So it's way too early to call this one, but if it comes down to Murphy and Kajtozovic at the end, I like Anesa's chances.

Monday, April 14, 2014

Upcoming Events: April 14-21

It's WAY too late for snow but if the skies clear by tonight, we'll have a good show. A total lunar eclipse is a very noticeable and easy to observe event. 

Lunar eclipses happen at full moon, so the moon rises at sunset. Also rising near sunset is Mars, White tonight makes its closest pass to earth since January 2008 at 57.4 million miles. The moon passed very close to a bright (but not as bright as Mars) star, Spica in the constellation Virgo, at about midnight, just as the less visible partial phase of the eclipse starts.

The earth's shadow moves across the moon till it covers the whole moon at 2:08 a.m. Lunar eclipses vary a lot, like sunsets, because you're looking at the moon and seeing the light from all the sunsets on Earth. If you were on the moon, you'd be seeing a solar eclipse, with a pitch-black Earth surrounded by a sunset ring.

The moon will be at it's darkest at 2:48 and starts to move out of totality at 3:23. Everything is done by 5:36.

It might be a good night for a a "split sleep" pattern, the way people used to sleep in the era before electric light: go to bed around sunset, wake up for a couple hours in the middle of the night, go back to sleep till dawn. I've done it a couple times, usually on weekends, and it's not bad.

Tuesday is Tax Day but I can't find any evidence of any local rallies, either by anti-war left or anti-tax right. Both groups sometimes protest Tax Day, not the only way the left and right are starting to resemble each other around here...

Thursday at 6 the Iowa City Federation of Labor has its monthly meeting at 6 PM at the labor hall at 940 S. Gilbert Ct. Endorsements for the June 3 primary are likely to come up.

Saturday is the seventh annual Record Store Day, an event dedicated to the joy of those great common spaces where we spent our weekend dollars and hours, back when being a music fan in search of new sound was an active ongoing commitment that was more than a mouse click away. If I sound like an old man it's because I am. Major artists participate with special limited edition vinyl only releases. This year's releases run from Hank Williams radio broadcasts to a special edition of the latest Katy Perry. Not everything is available everywhere - kinda like the old days. Iowa City's Record Collector, the last record store in town, is the place.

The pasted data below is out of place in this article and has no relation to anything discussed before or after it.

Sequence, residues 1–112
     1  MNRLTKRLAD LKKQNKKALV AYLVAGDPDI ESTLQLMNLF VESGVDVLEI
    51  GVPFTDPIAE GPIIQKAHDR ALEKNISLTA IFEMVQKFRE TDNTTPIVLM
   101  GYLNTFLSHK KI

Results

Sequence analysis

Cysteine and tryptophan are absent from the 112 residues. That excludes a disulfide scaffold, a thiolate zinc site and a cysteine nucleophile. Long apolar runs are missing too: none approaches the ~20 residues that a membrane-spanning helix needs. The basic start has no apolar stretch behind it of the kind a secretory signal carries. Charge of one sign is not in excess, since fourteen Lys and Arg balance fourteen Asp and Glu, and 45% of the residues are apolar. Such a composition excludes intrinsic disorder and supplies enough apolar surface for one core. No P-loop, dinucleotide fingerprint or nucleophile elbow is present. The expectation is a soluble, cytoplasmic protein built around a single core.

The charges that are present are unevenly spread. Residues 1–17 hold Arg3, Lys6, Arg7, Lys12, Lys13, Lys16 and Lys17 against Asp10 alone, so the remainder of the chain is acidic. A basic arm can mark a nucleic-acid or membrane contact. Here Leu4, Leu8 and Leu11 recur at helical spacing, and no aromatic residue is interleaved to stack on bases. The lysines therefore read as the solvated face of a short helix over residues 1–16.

And 4/20 is not only Easter, it's 420. Maybe in honor of that we'll see a breakthrough this week on the medical marijuana bill?

Sunday, April 13, 2014

Week in Review: April 6-13

Johnson County lost a giant on Friday with the passing of Harry Seelman. Harry was a leader of the Johnson County farm community and a Hall Of Fame Democrat along with his wife Lucille, who he's with now.

And with a dozen children, you could almost win an election just on the all important immediate family vote. Harry and Lucille passed public service on to the next generation and three of their children are in public office: Jim Seelman on the Clear Creek Amana school board, Colleen Chipman on the North Liberty city council, and most prominently State Rep. Mary Mascher.

Visitation will be from 3 to 7 p.m. this afternoon at the Cosgrove Institute, next to the church Harry and Lucille cherished. Mass is at  at 10:00 a.m. Monday at St. Peter’s Catholic Church, Cosgrove. The National Catholic Society of Foresters will recite a rosary at 9:45 a.m. prior to the Mass. Burial will be at the Church Cemetery. In lieu of flowers, contributions may be made to the Harry Seelman Memorial Fund.

Compared to Harry Seelman's 92 years anything I say is trivia, but you must like my trivia because you're here. Yesterday on my bike ride I saw someone simultaneously riding a bike and reading a book, which is probably the most Iowa City thing ever.

I KNEW there was a reason I liked the Democratic candidate for state auditor:

Bazinga.

Say what you will about Paul Ryan and his Friday visit to Cedar Rapids for a Republican Party fundraiser. For the record the ONLY thing I agree with him on is the Green Bay Packers. But at least he's willing to visit the first in the nation caucus state. Unlike someone we all know.

HOW do you say it? Anesa Kajtazovic has people mispronouncing her name in a new video, reprising this classic Ed Mezvinsky pronouncer ad.

Where are they now: Dropped out House 28 candidate Jon Van Wyk had his Jasper County voter registration challenged and canceled for non-residency.  Van Wyk had tried and failed to move in March for a primary challenge to fellow Republican Greg Heartsill.

A challenge to a voter registration is extremely rare. The former auditor told me it had only had happened once in his tenure. I remember the case: A homeowner got really paranoid about identity theft because he got a card for someone who didn't live there. We tried to assure him it was a mistake but he insisted on the challenge. We had no phone number or way to contact the kid getting challenged other than sending a letter to the same wrong address. So we had a hearing, the homeowner testified that the kid didn't live there, and we cancelled the guy.

Months later we founds out what had happened which we'd suspected all along: when the kid who got challenged had gone to get his drivers license and registered to vote, the DOT made a typo in the house number. Of COURSE we found out on presidential election day, I want to say 2000 but maybe 2004, and since this was before election day registration he didn't get to vote.